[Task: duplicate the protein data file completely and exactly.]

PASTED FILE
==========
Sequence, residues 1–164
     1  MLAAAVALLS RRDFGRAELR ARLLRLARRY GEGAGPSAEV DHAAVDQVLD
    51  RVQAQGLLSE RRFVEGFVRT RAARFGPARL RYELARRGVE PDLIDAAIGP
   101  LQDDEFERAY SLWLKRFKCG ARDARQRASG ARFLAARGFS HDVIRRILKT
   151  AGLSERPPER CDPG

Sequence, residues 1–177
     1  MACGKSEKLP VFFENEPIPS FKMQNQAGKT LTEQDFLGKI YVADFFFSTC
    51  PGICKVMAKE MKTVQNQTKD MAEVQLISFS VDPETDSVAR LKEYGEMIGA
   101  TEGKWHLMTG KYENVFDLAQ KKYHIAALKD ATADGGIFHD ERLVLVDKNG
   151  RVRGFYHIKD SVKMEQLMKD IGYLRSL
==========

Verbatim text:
Sequence, residues 1–164
     1  MLAAAVALLS RRDFGRAELR ARLLRLARRY GEGAGPSAEV DHAAVDQVLD
    51  RVQAQGLLSE RRFVEGFVRT RAARFGPARL RYELARRGVE PDLIDAAIGP
   101  LQDDEFERAY SLWLKRFKCG ARDARQRASG ARFLAARGFS HDVIRRILKT
   151  AGLSERPPER CDPG

Sequence, residues 1–177
     1  MACGKSEKLP VFFENEPIPS FKMQNQAGKT LTEQDFLGKI YVADFFFSTC
    51  PGICKVMAKE MKTVQNQTKD MAEVQLISFS VDPETDSVAR LKEYGEMIGA
   101  TEGKWHLMTG KYENVFDLAQ KKYHIAALKD ATADGGIFHD ERLVLVDKNG
   151  RVRGFYHIKD SVKMEQLMKD IGYLRSL